New York Law Journal
The closures implemented by nations, states and cities to contain the spread of COVID-19 had some unintended environmental benefits.They dramatically reduced air pollution emissions, moderately reduced energy consumption and improved the quality of life for a lot of wildlife. But these benefits are already proving to be short-lived as economies quickly re-open. The pandemic also highlighted how environmental burdens such as poor air quality and lack of open space disproportionately impact low-income communities, often communities of color, and contribute to higher mortality rates.
Environmental advocates and lawmakers have an opportunity to glean some important lessons from the pandemic before they are lost to our rapidly changing news cycle. This article highlights lessons relating to carbon emissions, air quality, energy use and access to open space, and considers how they can inform New York’s current and future efforts to achieve environmental goals. It also addresses the fiscal realities of this unique moment and argues that a green New Deal will be key to achieving ambitious goals.
On March 3, just as COVID-19 was on the brink of bringing business as usual to a screeching halt, the New York State Climate Action Council held its inaugural meeting. The Council—24 state appointees lead by the Commissioners of the Department of Environmental Conservation and the NYS Energy Research and Development Agency—is tasked with the hard work of crafting a roadmap to achieve the dramatic carbon emissions reductions required by the state’s 2019 Climate Leadership and Community Protection Act. The Act requires a 40% reduction in carbon emissions (over 1990 levels) by 2040 and an 85% reduction by 2050. During the March 3rd meeting, data was presented indicating that the top four sources of carbon emissions in NY are vehicles (36%), buildings (30%), electricity (15%) and garbage (8%). Potential pathways to decarbonization were also listed: electrification of cars and heating, deep penetration of renewables (wind and solar), waste diversion (organics and embedded emissions), conversion of refrigerants, and deep energy efficiency improvements in all sectors. While each of these potential pathways will necessarily play an important role in the final roadmap, the nationwide closures highlighted another pathway to be explored: working from home and reducing travel.
During the height of the closures this spring, millions of “non-essential” employees, primarily office workers, began working from home. Travel plans for business and leisure were cancelled or postponed indefinitely. With this significant reduction in travel by car and plane, carbon dioxide emissions dropped 17% in the United States in March 2020. This annual drop will likely be about half that level but still consistent with the 7.5% annual drop that the U.N. has determined is required to stem the worst impacts of climate change.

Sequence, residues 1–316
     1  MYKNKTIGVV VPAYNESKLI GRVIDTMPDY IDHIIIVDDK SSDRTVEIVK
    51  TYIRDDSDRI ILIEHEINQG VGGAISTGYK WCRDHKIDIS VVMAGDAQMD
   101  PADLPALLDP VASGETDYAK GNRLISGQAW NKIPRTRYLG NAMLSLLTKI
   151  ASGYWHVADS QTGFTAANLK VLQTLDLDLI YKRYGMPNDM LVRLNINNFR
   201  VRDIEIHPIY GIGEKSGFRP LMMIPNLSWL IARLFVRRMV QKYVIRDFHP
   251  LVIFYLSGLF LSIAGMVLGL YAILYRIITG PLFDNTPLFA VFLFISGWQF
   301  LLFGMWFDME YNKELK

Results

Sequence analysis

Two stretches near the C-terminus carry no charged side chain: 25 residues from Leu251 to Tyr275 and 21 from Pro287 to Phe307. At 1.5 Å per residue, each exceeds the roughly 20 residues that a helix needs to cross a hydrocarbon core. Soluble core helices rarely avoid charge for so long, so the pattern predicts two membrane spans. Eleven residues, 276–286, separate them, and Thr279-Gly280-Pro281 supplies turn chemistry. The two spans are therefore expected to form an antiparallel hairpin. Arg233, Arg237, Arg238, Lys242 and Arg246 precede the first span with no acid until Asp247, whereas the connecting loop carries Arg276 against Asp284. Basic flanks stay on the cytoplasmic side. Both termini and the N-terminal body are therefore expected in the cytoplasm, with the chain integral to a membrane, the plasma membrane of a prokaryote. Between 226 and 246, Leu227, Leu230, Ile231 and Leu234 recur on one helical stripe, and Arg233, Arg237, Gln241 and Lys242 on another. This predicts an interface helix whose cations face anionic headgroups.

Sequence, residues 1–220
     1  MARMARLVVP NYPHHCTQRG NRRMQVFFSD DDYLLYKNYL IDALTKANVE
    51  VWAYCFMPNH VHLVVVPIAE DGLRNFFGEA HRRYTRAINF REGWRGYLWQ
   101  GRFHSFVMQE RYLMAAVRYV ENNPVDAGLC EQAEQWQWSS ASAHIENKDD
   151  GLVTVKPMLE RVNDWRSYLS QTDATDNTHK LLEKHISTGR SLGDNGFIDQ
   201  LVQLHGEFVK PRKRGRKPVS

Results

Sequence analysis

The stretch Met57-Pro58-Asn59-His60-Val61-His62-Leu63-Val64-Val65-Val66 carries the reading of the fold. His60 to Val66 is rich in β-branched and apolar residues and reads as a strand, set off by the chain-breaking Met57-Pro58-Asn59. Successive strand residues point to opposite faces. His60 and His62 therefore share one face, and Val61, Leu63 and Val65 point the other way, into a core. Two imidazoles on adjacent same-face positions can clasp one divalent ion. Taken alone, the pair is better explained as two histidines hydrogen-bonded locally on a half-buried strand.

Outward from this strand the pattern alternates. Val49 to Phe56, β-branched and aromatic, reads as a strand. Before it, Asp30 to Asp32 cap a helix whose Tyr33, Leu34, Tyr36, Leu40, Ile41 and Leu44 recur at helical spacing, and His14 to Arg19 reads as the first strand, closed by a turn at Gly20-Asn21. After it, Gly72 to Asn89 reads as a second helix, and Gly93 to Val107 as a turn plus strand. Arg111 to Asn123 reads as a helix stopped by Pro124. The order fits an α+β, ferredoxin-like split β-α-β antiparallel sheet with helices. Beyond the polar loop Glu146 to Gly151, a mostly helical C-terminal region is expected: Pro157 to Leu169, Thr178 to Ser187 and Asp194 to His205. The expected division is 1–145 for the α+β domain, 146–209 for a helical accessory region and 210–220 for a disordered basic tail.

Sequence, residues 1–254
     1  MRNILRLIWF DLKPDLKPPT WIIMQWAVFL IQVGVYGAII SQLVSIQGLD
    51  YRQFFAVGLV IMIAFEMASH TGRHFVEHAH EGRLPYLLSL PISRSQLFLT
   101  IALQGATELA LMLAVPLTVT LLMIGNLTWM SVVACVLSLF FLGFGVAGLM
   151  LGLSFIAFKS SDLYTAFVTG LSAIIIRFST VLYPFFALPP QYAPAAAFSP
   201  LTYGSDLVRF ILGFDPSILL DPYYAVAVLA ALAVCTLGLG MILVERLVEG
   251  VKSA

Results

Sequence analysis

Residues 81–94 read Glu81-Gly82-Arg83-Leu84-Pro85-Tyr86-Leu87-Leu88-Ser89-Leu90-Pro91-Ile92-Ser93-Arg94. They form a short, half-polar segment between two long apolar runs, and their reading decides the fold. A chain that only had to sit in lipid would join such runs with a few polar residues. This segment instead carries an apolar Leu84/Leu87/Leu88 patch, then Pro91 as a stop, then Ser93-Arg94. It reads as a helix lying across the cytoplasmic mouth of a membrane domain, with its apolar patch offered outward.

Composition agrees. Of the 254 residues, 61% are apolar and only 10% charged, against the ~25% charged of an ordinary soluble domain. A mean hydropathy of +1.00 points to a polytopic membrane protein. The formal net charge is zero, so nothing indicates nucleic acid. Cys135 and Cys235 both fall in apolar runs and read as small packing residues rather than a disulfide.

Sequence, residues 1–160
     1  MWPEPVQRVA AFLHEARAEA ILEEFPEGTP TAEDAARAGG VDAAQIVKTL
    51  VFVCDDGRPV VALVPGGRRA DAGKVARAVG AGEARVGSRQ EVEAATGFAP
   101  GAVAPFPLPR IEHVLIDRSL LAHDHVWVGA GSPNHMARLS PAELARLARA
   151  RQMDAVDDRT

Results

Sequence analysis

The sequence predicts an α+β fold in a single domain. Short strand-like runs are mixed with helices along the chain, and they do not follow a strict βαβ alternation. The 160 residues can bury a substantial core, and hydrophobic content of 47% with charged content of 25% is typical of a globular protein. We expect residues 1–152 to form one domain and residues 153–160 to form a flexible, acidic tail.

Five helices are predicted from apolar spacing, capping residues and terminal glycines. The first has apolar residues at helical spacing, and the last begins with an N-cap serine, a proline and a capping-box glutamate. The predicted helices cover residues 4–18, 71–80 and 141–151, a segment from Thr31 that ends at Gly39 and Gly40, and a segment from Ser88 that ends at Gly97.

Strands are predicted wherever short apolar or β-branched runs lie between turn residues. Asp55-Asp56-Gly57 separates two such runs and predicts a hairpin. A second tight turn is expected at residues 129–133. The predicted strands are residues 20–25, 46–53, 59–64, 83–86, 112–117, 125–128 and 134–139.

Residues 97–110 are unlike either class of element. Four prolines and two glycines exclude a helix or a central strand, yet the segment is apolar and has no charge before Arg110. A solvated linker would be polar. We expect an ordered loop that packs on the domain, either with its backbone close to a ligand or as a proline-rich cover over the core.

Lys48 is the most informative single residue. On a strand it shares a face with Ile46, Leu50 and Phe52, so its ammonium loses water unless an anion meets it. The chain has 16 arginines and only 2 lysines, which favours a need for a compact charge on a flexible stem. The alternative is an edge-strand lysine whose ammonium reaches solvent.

Many employers and employees were surprised to find they were able to carry on their work remotely and without extensive travel. This unplanned experiment demonstrated that policies to encourage working from home where feasible for both employers and employees could have a meaningful role to play in reducing the carbon emissions (not to mention air pollution and traffic) associated with commuting by car and should be added to the list of “pathways” considered by the State’s Climate Action Council. Moreover, policies to encourage more travel and tourism close-to-home can reduce emissions while supporting local economies.
While the unintended side effects of the COVID-19 closures reduced emissions from commuting and air travel, it may have raised emissions from organic waste: faced with major budget shortfalls, New York City discontinued residential collection of organic waste, 31% of the residential waste stream and a major source of greenhouse gas emissions, for an estimated savings of $21 million in Fiscal Year 2021. The City’s decision to cancel collection and diversion of organic waste to biogas and composting facilities at the same time that the State Climate Action Council is counting on such policies to help the State achieve its carbon reduction goals highlights the risks COVID-19 related fiscal woes presents to policymakers. While working from home can be done by many without substantial cost to government, many of the potential pathways to carbon reductions require substantial upfront investments in everything from a network of electric vehicle charging stations, to transmission lines for renewable energy to intensive waste collection and reduction. Although the State has proposed a $3 billion “Restoring Mother Nature” bond act to dedicate to a variety of environmental initiatives, the State and City budget shortfalls are estimated to be three times that sum in 2020 alone. Federal investment in environmental initiatives is therefore essential.